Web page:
Yesterday Scoble had a post about DEMO (in which he was responding to a post over on Webreakstuff).
The issue? The DEMO conference charges money to demonstrate. The question? Does that mean that DEMO isn't relevant, because only funded companies can go?
It started with Fred (of WeBreakStuff) saying:
I’d much rather go to an event where companies were invited for their merits instead of the money they can cash out in order to tell me how great they are.Scoble disagreed with him: he thinks the fact that companies are charged to demonstrate acts as a filter (and he needs filters because he sees so many pitches).
They're both dead wrong.
First, Fred: Companies aren't invited because they have money. To participate in DEMO you undergo a rigorous application process and a very critical evaluation. When my company demonstrated in 2005, there were over 700 applications--and around 70 were accepted. That's close to an Ivy League acceptance rate! Chris Shipley and the team have a great eye for technology, and you have to pass their sniff test (and outshine the competition) to get in. Their track record is fantastic (products like Palm, Java, and TiVo were all featured at DEMO in the past--prior to their great success).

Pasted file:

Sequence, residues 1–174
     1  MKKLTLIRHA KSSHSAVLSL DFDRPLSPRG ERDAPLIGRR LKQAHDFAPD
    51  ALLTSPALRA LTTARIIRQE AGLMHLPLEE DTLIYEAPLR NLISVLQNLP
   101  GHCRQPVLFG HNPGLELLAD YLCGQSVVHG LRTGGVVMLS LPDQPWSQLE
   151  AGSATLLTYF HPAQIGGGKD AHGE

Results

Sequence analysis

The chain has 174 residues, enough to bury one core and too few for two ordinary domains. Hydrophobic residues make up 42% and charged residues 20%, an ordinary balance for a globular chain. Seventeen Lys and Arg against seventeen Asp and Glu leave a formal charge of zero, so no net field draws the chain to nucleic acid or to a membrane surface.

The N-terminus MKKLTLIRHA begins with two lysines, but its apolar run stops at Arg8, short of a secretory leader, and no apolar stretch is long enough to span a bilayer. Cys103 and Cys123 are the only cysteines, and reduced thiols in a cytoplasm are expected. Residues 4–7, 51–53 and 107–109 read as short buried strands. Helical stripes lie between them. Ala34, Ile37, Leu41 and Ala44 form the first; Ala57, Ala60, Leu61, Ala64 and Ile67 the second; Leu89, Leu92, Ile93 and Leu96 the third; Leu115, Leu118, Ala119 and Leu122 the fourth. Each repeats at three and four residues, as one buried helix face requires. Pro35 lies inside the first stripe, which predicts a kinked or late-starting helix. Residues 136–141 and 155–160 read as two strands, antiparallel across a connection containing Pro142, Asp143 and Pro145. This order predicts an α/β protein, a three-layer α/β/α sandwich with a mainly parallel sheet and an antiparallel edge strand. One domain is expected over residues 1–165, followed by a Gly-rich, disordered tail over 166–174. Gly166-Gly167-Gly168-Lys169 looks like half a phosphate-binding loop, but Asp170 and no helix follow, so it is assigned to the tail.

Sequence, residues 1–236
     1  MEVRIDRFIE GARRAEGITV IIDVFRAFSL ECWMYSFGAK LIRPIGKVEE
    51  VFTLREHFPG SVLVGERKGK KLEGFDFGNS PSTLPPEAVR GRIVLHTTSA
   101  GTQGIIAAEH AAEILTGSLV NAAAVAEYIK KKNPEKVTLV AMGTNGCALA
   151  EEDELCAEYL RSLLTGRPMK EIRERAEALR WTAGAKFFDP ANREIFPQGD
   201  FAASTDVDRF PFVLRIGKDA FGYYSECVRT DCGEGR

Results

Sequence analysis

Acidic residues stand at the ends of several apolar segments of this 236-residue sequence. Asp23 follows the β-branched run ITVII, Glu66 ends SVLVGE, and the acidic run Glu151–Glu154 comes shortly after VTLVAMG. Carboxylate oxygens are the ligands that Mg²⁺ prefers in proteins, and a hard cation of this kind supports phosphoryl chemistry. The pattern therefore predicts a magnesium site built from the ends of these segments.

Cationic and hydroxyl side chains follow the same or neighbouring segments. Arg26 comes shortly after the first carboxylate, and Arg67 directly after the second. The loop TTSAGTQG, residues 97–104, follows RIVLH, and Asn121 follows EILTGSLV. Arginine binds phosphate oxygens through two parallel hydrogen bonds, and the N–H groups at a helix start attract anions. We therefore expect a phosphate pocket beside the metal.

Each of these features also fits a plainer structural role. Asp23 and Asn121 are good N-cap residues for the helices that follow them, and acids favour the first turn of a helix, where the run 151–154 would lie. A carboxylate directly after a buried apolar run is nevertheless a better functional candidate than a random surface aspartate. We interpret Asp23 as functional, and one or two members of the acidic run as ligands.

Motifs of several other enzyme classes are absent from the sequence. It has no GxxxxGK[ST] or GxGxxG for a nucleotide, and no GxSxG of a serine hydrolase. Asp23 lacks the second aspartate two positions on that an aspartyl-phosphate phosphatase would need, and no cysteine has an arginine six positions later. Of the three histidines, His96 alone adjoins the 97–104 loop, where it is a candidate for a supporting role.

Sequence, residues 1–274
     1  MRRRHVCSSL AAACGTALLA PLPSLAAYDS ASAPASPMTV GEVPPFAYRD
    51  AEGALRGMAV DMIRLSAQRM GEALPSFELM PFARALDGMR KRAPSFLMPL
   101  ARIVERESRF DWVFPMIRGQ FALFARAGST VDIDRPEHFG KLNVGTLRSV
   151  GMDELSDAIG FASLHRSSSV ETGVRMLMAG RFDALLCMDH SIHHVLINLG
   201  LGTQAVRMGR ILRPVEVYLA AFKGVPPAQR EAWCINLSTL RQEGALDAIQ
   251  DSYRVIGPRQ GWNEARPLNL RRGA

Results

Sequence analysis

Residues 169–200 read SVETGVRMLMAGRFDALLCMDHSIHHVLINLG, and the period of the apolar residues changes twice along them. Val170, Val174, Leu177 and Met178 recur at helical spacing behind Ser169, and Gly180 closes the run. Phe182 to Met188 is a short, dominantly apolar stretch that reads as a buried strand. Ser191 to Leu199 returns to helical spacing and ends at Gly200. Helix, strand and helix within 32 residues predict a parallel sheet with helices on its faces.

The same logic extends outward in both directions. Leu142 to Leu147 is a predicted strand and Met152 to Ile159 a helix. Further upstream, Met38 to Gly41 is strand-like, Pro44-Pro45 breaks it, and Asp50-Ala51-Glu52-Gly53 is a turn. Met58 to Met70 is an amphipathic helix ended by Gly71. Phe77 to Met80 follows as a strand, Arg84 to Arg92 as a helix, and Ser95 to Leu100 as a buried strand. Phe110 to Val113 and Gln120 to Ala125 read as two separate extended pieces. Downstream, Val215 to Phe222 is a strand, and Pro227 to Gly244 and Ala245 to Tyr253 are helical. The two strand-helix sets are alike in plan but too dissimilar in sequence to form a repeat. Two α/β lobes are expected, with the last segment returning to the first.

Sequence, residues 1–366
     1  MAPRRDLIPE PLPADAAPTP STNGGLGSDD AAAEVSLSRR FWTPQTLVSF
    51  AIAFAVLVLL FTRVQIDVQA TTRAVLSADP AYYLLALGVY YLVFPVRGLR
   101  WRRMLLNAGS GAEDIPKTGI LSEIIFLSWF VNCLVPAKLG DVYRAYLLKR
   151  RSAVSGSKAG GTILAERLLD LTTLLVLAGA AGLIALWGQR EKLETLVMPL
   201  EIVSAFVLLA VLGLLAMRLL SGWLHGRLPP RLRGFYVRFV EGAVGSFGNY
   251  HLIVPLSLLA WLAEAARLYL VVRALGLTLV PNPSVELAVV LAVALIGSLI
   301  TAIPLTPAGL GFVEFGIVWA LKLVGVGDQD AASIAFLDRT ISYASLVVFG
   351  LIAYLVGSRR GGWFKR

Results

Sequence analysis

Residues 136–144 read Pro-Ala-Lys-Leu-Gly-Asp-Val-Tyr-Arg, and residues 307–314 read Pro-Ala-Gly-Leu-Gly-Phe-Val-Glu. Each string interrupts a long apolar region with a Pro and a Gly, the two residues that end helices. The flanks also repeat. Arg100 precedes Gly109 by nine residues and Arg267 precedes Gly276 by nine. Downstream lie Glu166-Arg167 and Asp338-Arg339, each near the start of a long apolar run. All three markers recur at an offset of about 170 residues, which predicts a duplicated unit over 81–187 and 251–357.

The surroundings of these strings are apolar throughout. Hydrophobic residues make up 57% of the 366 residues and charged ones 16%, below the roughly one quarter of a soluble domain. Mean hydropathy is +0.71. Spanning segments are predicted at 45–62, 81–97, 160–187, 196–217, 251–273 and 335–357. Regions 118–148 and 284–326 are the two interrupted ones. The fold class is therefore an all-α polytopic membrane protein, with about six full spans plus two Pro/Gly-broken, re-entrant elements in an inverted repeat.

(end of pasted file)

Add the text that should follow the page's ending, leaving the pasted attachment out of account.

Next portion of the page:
Second, Scoble (and this is really just a corollary to the previous point): money would be a crappy filter, anyway! There are tons of companies with bad ideas, bad products, and buckets full of cash. The fact that they could scrape together the $15K (or $25K or whatever it is) to go to the conference means very little.
The fact that a tech luminary like Chris thinks that these products may have the ability to fundamentally change their markets means a lot.
And that is why DEMO is a good filter.
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